Online ad spending poised for 20 percent jump this year. Strong demand for U.S. display advertising is helping pump up projections for the overall online advertising market, which is now set to grow by 20 percent this year to $31.3 billion, according to new estimates from eMarketer. The firm updated a previous estimate of 10 percent growth for 2011, largely on the strength of display advertising which is now poised to overtake search advertising within five years. EMarketer said search advertising will grow by 19.8 percent this year to $14.4 billion, outpaced by online display ads, which will grow 24.5 percent to $12.3 billion. Increased video and banner ads are fueling the growth of display advertising with video ads expected to pull in $2.2 billion this year and banner ads estimated to get $7.6 billion.
Overall, online advertising is expected to account for almost 20 of all major media ad buying this year, up from 17 percent last year and by 2015, online ads will represent 28 percent of all U.S. media ad spending. What is Premium Social Advertising? | Jon Steinberg. IAB: Internet Ad Revenues In The U.S. Hit Record $6.4 Billion In Q3 2010. Online advertising revenues in the U.S. hit $6.4 billion in Q3 2010, representing a 17 percent increase over the same period in 2009, according to estimates presented moments ago by the Interactive Advertising Bureau in tandem with PricewaterhouseCoopers. This marks the highest quarterly result ever for the industry. This is not the first time IAB and PwC got to announce record numbers this year. Last month, they said Internet advertising revenues in the U.S. were at $12.1 billion in the first half of 2010, setting a new half-year record that represented an 11.3 percent increase over the first half of 2009.
Numerous Adblock Plus users be damned. The first quarter of this year alone was good for $6 billion in online advertising revenues in the United States, so a massive increase this ain’t. The previous industry record was set in the fourth quarter of 2009, when Internet advertising revenues in the U.S. climbed to $6.3 billion. U.S. Online Advertising Rises 11.3 Percent In First Half Of 2010. Online advertising is showing healthy gains this year. During the first half of 2010, online advertising revenues were up 11.3 percent to $12.3 billion, according to a new report from the Interactive Advertising Bureau and PriceWaterhouseCoopers (embedded below).
At this rate, the report estimates that online ad revenues for the full year should surpass the 2008 peak of $23.4 billion. On a quarterly basis, online ad revenues for the second quarter $6.2 billion. That was 13.9 percent higher than last year, and 4.1 percent better than the first quarter of 2010, but still not quite as high as the peak in the fourth quarter of 2008. The report also offers the following stats (all numbers are for the first half of 2010):
Page views required to generate. Facebook, MySpace, LinkedIn, Beebo, Plaxo, Orkut, and MSN Spaces are the biggest well known social network spaces. But what about the 800 other sites scrambling for audiences in the social network space? Can they generate $1M in advertising revenue per month, or even per year? Will they ever be profitable? USA Today says "Social Network Sites Work To Turn Users Into Profits" and summarizes the problem with this quote; "Short of striking it rich with online ads or creating a new revenue stream, how can so many sites leverage their vast audiences? In many respects, it is the same query that dogged portal companies in the mid-1990s and search engines in the early '90s. Some were sold. CPM versus CPC - Big audiences are great but how you monetize them is the key to financial success. A penny for your thoughts? How much traffic is needed to generate $1M in ad revenue?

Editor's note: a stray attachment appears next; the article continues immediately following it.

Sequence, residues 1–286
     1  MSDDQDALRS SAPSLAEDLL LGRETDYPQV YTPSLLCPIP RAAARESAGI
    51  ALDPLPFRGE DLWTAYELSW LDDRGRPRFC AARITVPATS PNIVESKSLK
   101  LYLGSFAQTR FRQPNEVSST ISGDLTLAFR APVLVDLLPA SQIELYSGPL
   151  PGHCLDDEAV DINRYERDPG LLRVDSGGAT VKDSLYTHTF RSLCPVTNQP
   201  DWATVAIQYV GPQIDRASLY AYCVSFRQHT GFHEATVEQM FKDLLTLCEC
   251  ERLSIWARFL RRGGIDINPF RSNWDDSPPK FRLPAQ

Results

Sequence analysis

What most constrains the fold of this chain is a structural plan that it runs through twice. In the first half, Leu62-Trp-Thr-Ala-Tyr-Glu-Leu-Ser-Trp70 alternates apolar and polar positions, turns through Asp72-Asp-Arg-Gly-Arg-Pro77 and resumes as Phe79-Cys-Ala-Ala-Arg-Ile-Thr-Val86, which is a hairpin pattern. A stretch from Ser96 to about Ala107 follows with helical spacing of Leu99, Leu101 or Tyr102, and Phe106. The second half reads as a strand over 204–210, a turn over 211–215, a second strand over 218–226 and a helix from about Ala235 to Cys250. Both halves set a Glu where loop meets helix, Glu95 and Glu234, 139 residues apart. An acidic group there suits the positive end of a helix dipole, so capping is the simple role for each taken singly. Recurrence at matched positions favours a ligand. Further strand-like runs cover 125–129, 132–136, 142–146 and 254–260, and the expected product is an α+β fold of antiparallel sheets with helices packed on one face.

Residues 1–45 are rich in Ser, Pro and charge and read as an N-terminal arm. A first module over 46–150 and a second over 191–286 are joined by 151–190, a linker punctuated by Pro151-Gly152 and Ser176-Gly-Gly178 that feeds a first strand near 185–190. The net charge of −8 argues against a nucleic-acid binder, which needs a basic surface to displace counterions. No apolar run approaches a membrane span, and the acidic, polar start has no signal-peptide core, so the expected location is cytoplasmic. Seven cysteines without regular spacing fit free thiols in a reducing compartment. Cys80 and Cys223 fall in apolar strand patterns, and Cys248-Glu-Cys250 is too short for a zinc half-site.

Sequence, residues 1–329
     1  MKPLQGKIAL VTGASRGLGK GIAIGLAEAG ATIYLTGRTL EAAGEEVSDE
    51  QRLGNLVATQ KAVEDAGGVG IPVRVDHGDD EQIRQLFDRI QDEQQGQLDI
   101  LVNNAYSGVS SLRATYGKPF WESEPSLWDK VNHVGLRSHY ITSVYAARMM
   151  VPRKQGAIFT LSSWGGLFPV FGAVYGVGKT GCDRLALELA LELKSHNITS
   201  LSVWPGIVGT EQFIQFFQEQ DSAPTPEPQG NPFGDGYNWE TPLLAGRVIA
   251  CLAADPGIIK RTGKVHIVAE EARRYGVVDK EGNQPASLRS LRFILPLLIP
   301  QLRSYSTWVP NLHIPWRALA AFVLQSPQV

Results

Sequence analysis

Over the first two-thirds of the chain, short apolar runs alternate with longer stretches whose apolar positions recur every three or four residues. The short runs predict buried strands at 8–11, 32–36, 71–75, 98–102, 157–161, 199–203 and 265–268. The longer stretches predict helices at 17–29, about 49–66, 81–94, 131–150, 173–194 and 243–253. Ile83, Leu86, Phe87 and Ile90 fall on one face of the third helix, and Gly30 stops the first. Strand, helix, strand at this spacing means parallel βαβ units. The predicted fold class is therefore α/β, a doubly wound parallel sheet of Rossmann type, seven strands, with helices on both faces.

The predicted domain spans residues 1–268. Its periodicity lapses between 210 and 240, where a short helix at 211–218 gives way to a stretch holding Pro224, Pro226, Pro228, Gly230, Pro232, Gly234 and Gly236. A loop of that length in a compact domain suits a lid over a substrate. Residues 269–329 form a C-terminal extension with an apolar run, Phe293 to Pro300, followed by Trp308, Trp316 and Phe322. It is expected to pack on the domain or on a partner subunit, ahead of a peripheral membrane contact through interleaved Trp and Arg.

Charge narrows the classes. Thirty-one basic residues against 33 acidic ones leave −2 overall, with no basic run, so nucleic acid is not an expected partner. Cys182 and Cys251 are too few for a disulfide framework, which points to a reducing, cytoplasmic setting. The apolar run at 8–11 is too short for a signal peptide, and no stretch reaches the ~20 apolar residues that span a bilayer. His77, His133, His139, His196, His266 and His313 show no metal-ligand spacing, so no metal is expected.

A New Revenue Model? It will probably take a new revenue approach to make many Social Networks profitable. How A $5 CPM Is Really Only Worth $1. JPMorgan Forecasts A 10.5 Percent Rebound In U.S. Display Advert. In the advertising industry overall, revenues generated by direct and brand advertising are roughly split 50/50. But in the online world, where direct advertising is represented mostly by search and email ads and brand advertising by graphical display ads, the split is closer to 70/30 in favor of direct ads.
Last year, with the economy down, the display portion of the U.S. online advertising industry had a particularly rough time. Total revenues in 2009 were down 5.2 percent to $7.5 billion, estimates JPMorgan analyst Imran Khan in a new Internet industry report. But he forecasts that in 2010 U.S. display advertising will rebound 10.5 percent to $8.3 billion, buoyed by a rising economy and actions to reduce the glut of display ad inventory for higher quality sites and content. Khan expects U.S. search advertising to grow an even brisker 13.2 percent pace in 2010 to $16.6 billion, after virtually flat 0.8 percent growth in 2009. Terence Kawaja's IAB Networks and Exchanges Keynote.
Here's Who Gets the Highest Ad Rates Online. NEW YORK (AdAge.com) -- Online ad rates, we're told, are on an express train to zero, helped along by gagillions of impressions generated by Facebook, Twitter and its ilk, and the networks, exchanges and targeting technologies that allow advertisers to buy audience as a commodity, without dealing with individual sites at all. And while the recession has put another hit on CPMs -- the term ad buyers and sellers use as shorthand for the cost for 1,000 impressions -- across the web, some sites can still pimp fat ad rates either by virtue of their reach, specialized audience or unique environment. Who's getting the best ad rates on the web today?
The slideshow that follows, culled from agency buyers and media sellers, is far from scientific, but gives a good sense of who can still charge bank and why. AOL $500,000-$700,000 for homepage takeover Everyone loves AOL CEO Tim Armstrong, but does anyone love him to the tune of $800,000?